R-evolution, a subsidiary of Swedish tech group Hexagon, will supply multi-dimensional intelligent mapping services of The Bahamas’ seabed, providing the necessary data to enable a blue carbon trading market in the country.
- R-evolution will provide intelligent mapping services to map the Bahamian seabed.
- The world’s largest seagrass bed is located in the Caribbean country, storing hundreds of millions of tons of CO2.
- The Bahamian government sees the mapping of the seabed as a crucial step to establishing the world’s first blue carbon credit market.
R-evolution applies Hexagon’s digital reality technology to nature-based solutions
Hexagon (STO:HEXA-B), a Swedish provider of automation technologies, launched R-evolution in 2021. Its aim was to leverage Hexagon’s sensor, software and autonomous solutions to address environmental problems. Since then, R-evolution has also launched a venture capital arm to invest in green tech innovation.
R-evolution is involved in four project areas around sustainability. It provided hardware- and software-based monitoring solutions for the construction and operation of a solar park near Malaga, Spain. It entered the green hydrogen space through a strategic partnership with Hydrogen Utility to provide digital twin technology, and is also looking to apply the same technologies to wind energy projects.
In December 2021 it collaborated with ocean conservation NGO Beneath The Waves to map the seagrass meadows of the Caribbean Islands. The NGO partnered with R-evolution to validate its initial findings as well as to provide a solution for year-on-year change detection and health monitoring of the seagrass ecosystem.
Blue carbon credit trading can provide support for Bahamian economic challenges
Re-evolution and Beneath The Waves now plan to expand the current coverage to include 1,100 square kilometres in The Exumas, Bahamas. Overall, R-evolution estimates that the seagrass meadows make up an area of 92,000 square kilometres. The project will provide the necessary data and support needed by the government of The Bahamas to begin trading blue carbon credits.
This is vital for the country’s economy, as the government believes it will attract much-needed investment. The Bahamas is among the island nations in the Caribbean that are most vulnerable to climate change-related disasters.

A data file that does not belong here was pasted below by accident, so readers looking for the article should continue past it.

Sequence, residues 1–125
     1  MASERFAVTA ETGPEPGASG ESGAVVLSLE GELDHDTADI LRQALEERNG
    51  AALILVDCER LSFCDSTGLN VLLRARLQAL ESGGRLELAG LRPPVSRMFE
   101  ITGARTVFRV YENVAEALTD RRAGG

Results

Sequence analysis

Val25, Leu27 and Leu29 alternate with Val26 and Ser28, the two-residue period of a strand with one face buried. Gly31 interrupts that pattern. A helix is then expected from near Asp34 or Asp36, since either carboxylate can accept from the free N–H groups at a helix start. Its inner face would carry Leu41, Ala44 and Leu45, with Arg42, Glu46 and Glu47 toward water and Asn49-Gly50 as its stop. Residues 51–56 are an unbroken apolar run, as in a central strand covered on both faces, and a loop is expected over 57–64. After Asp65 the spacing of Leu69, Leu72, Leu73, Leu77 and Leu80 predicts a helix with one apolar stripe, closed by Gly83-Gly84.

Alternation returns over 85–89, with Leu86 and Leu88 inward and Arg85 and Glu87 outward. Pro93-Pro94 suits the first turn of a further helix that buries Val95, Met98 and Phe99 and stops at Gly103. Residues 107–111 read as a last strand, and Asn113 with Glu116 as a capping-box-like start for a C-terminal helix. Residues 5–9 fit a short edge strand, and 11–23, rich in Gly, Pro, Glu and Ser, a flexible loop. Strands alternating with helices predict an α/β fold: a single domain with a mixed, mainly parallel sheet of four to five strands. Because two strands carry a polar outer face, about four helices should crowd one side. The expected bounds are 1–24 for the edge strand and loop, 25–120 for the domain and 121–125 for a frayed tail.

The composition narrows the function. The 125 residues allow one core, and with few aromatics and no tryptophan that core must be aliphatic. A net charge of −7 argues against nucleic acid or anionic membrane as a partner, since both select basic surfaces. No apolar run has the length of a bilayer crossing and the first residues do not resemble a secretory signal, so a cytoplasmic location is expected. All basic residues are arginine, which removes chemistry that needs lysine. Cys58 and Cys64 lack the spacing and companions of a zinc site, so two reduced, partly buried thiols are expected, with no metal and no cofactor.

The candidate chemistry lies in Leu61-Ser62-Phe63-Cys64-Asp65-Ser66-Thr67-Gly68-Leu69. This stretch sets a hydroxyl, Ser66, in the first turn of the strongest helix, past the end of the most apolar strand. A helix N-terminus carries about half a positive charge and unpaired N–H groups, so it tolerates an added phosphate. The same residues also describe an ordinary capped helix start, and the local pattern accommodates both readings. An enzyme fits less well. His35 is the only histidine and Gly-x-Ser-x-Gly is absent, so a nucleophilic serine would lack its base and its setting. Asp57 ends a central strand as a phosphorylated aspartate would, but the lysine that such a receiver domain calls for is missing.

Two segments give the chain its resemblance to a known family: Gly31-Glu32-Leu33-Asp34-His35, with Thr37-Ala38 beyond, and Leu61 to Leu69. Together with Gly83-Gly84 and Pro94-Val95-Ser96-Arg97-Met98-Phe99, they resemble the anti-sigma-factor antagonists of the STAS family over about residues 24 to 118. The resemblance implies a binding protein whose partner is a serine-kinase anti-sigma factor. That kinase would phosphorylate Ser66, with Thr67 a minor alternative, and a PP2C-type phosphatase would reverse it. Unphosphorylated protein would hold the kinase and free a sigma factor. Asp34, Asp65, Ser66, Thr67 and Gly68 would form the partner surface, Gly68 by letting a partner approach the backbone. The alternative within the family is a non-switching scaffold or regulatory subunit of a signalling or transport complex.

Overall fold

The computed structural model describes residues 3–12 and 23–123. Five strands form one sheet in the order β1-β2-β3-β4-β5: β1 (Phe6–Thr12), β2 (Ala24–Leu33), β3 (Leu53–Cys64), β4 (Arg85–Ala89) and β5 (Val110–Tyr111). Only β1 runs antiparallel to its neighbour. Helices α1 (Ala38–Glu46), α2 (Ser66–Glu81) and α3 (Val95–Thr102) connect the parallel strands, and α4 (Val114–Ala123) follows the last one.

In its most recent country report, the International Monetary Fund projects that the economy of The Bahamas will take until 2024 for the country to recover to pre-pandemic levels. It also highlights worsening medium-term growth challenges as public finances are in a “more precarious state” compared to previous years, due to a difficult near-term financing situation, rising inflation and the country’s high vulnerability to natural disasters.
Establishing the first blue carbon credit trading market faces challenges
The Bahamian government passed the Carbon Trading Bill in July 2022, which provides for the state to retain 85% of the revenues generated by blue carbon credit trading. It formed a company called Carbon Management Ltd. to manage its blue carbon assets. Trading was expected to be conducted through the crypto exchange FTX, which is based in the Bahamas.
FTX, however, filed for bankruptcy in November 2022 due to excessive customer withdrawals. This will require the Government to find an alternate means of offering the blue credits, which it had planned to do by the end of 2022. Currently, Bahamian blue assets are being verified by the Voluntary Carbon Standard.
Tapping the potential of blue assets to drive the net zero transition
Blue assets, or blue carbon ecosystems, have been gaining attention for their ability to mitigate climate change by capturing and storing CO2. According to the World Economic Forum, coastal and marine ecosystems can store up to five times the carbon per acre of tropical rainforests. As such, investing in blue carbon projects becomes an important pathway to achieving the goals of the Paris Agreement.
According to UNESCO, 50 Marine World Heritage sites that make up less than 1% of global ocean area host 21% of the world’s ecosystems. This helps store 15% of the blue carbon, equal to 10% of global greenhouse gas emissions. The awareness being created by UNESCO and NGOs is leading to a blue carbon gold rush.
In March 2022, global commodities trader Trafigura purchased the first tranche of blue carbon credits from the Delta Blue Carbon Project in Pakistan. It comprised 3 million units of blue credits, while the whole project, spanning an area of wetlands of 865,000 acres, is considered the largest mangrove restoration project in the world.
Looking ahead to a brighter blue carbon future for the Bahamas
Sorting out the means to trade blue carbon credits could provide The Bahamas with a substantial financial opportunity. Anthony Ferguson, director of Carbon Management, reportedly said at COP27 that there is potential for 9 million blue carbon credits available for trade from the country by 2030.
Depending on prevalent carbon prices, this could be significant. The addition of co-benefits can raise the price of standard carbon credit, according to carbon marketplace provider Climate Trade. Blue carbon credits also have many co-benefits, such as mangroves providing protection to coastal areas from weather, while also providing an ecosystem for flora and fauna.